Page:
+about a call to Eq1?
+
+****************************************************************
+
+From: Tucker Taft
+Sent: Tuesday, December 9, 2008  9:50 AM
+
+I would hope we get the same answer if we add "tagged"
+to the record declaration.  One key goal is to make tagged and untagged records work
+the same way, at least with respect to equality, so there are fewer perverse incentives
+to make a record type tagged just so that it "works right."  I really don't want us to
+end up in a situation where tagged record equality works one way, untagged record
+equality works a second way, and non-record equality works a third way.
+
+I realize tagged types have private extensions, which don't really have an analogy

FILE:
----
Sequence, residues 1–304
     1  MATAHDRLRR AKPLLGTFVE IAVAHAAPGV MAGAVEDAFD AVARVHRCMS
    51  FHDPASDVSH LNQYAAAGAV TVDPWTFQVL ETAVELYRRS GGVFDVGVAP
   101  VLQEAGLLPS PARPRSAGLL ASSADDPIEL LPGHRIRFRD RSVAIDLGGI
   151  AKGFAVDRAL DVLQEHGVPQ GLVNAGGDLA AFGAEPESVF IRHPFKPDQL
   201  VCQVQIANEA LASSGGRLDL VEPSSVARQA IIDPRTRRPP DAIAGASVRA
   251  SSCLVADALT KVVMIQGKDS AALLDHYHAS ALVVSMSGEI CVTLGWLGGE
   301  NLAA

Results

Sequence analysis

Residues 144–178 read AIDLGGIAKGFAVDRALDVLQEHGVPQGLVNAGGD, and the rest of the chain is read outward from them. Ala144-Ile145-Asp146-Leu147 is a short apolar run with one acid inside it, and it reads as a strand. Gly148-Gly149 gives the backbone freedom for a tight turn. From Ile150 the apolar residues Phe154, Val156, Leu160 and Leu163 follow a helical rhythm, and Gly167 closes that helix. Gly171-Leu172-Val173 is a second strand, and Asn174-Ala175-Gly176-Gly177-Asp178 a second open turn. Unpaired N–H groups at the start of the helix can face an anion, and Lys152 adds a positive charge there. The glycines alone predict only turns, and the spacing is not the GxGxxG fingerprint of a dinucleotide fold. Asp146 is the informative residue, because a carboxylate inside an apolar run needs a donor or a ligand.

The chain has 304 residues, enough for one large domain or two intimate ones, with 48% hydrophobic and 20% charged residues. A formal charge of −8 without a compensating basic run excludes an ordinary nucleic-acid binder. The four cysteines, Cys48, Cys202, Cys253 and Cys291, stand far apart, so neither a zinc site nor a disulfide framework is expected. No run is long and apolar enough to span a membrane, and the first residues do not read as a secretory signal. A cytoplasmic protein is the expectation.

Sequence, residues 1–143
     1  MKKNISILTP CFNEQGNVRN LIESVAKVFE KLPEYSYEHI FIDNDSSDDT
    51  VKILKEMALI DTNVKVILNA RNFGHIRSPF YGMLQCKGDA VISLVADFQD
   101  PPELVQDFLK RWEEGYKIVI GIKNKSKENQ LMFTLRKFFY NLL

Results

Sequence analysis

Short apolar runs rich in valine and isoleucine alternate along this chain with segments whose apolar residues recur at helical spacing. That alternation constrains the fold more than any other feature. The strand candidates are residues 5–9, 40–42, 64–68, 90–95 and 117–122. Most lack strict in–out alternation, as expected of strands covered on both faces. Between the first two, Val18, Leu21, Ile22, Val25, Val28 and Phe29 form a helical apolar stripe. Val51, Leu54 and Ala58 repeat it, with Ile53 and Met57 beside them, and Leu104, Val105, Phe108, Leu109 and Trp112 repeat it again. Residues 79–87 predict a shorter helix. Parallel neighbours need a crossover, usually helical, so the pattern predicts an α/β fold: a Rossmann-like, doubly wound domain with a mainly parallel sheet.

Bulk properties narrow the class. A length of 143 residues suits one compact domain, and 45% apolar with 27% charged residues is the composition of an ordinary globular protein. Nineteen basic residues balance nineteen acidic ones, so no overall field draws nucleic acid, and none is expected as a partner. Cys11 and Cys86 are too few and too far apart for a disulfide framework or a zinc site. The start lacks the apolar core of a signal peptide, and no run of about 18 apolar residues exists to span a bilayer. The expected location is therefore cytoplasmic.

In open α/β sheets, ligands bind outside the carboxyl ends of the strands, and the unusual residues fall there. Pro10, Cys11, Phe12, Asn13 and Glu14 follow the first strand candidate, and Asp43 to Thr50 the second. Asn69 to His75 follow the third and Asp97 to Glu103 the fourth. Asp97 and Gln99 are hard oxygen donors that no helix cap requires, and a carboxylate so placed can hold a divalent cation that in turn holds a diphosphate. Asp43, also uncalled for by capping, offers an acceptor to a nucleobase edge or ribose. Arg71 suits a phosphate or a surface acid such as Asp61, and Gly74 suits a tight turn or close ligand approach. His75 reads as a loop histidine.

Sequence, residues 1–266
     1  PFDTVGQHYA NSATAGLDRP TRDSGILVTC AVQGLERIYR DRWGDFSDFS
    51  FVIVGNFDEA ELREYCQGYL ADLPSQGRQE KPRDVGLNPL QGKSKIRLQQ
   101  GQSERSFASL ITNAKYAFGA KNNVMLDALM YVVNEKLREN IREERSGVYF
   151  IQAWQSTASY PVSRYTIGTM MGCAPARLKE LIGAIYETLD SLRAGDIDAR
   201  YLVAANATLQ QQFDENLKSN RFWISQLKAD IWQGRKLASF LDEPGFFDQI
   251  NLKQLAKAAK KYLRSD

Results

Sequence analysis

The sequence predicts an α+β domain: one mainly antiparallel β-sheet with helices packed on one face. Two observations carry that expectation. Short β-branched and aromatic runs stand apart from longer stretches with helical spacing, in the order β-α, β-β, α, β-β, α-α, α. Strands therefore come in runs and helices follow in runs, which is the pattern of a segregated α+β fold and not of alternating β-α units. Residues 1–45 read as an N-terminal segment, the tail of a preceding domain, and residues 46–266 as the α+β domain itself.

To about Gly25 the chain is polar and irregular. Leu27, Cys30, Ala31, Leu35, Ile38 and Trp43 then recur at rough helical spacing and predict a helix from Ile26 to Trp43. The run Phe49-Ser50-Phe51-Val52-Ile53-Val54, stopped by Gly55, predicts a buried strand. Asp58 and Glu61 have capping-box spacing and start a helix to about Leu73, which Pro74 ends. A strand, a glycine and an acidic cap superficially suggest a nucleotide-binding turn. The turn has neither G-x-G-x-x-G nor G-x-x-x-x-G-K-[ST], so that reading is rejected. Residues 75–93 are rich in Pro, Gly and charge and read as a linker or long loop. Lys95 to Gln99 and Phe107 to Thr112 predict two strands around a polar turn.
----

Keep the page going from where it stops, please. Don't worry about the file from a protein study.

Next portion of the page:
+in the non-tagged world, but hopefully untagged derivation would work very much like
+null tagged record extensions with respect to equality, whether the parent type is a
+visible record type or a private type whose full type is a record type.
+
+****************************************************************
+
+From: Randy Brukardt
+Sent: Tuesday, December 9, 2008  8:24 PM
+
+****************************************************************
+
+From: Randy Brukardt
+Sent: Tuesday, December 9, 2008  8:24 PM
+
+****************************************************************
+
+From: Randy Brukardt
+Sent: Tuesday, December 9, 2008  8:24 PM
+
+****************************************************************
+
+From: Randy Brukardt
+Sent: Tuesday, December 9, 2008  8:24 PM
+
+****************************************************************